Jay Zagorsky

Research Scientist

Center for Human Resource Research, The Ohio State University

current member of survey staff

NLS user since 1995

  • “Do People Save or Spend Their Inheritances? Understanding What Happens to Inherited Wealth” Journal of Family and Economic Issues, 2012
  • “Do You Have to be Smart to be Rich? The Impact of IQ on Wealth, Income and Financial Distress” Intelligence, Vol. 35, No. 5, 2007
  • “The Effect of Marriage and Divorce on Wealth” Journal of Sociology, Vol. 41, No. 4, 2005
  • “The Freshman 15: A Critical Time for Obesity Intervention or Media Myth?” Social Science Quarterly, Vol. 92, No. 5, Dec. 2011 (Joint with Patricia K. Smith)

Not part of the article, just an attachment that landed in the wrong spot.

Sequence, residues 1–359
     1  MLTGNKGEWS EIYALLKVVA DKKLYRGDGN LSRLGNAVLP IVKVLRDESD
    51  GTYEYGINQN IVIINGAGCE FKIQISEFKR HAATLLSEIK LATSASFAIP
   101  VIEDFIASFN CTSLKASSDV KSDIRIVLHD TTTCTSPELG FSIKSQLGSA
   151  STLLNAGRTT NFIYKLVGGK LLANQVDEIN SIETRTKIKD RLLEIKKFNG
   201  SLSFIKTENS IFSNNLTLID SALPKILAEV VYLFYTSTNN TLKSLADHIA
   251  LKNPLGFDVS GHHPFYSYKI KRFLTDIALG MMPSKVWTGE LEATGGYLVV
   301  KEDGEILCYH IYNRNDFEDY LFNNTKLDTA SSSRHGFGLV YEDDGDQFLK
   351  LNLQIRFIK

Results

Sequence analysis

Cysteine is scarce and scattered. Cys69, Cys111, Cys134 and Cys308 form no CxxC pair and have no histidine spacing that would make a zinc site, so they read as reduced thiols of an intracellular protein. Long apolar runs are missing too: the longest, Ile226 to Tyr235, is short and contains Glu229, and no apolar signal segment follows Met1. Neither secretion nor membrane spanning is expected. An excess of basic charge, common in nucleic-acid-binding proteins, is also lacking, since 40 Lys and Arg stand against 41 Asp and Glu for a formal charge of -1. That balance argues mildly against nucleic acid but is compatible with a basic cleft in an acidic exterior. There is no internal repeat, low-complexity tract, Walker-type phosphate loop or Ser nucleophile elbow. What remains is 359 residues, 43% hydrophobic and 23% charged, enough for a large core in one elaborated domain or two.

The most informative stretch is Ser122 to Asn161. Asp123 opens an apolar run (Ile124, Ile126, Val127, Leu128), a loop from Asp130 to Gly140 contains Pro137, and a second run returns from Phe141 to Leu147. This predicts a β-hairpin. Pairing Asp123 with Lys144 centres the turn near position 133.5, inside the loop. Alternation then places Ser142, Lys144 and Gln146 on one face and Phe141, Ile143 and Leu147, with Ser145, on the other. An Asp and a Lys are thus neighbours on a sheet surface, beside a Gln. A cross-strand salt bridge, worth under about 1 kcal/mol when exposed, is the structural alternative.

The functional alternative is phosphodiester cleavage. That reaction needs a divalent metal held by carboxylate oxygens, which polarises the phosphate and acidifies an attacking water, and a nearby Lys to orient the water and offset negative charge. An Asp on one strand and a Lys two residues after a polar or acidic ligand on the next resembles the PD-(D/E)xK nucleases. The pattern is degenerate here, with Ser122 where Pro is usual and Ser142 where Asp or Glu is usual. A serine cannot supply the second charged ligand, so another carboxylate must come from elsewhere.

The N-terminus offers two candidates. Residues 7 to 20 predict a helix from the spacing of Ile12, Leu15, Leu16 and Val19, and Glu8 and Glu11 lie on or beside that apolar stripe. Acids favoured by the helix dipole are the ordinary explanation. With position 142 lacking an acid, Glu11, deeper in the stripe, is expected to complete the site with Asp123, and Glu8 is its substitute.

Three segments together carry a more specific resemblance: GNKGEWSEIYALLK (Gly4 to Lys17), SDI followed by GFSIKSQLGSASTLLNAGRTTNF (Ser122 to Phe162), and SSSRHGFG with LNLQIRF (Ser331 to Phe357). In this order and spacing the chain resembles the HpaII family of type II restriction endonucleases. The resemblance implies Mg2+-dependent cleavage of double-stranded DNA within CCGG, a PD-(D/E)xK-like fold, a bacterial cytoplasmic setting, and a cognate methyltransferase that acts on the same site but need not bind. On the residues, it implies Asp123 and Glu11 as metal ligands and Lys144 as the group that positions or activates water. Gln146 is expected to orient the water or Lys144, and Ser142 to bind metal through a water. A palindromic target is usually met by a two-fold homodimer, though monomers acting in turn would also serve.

• “Health and Wealth the Late-20th Century Obesity Epidemic in the U.S.” Economics and Human Biology, Vol. 3, No. 2, 2005
  • “The Wealth Effects of Smoking” Tobacco Control, Vol. 13, No. 4, 2004
What I learned from NLS data

I have learned two things. First, respondents in a voluntary survey have shown that people can be incredibly generous with their time and information. Second, you don't have to be smart (i.e. have a high IQ) to be rich.

Why I chose NLS data

I use the NLS because it has unique data that do not exist in other surveys, such as extensive health data and wealth data.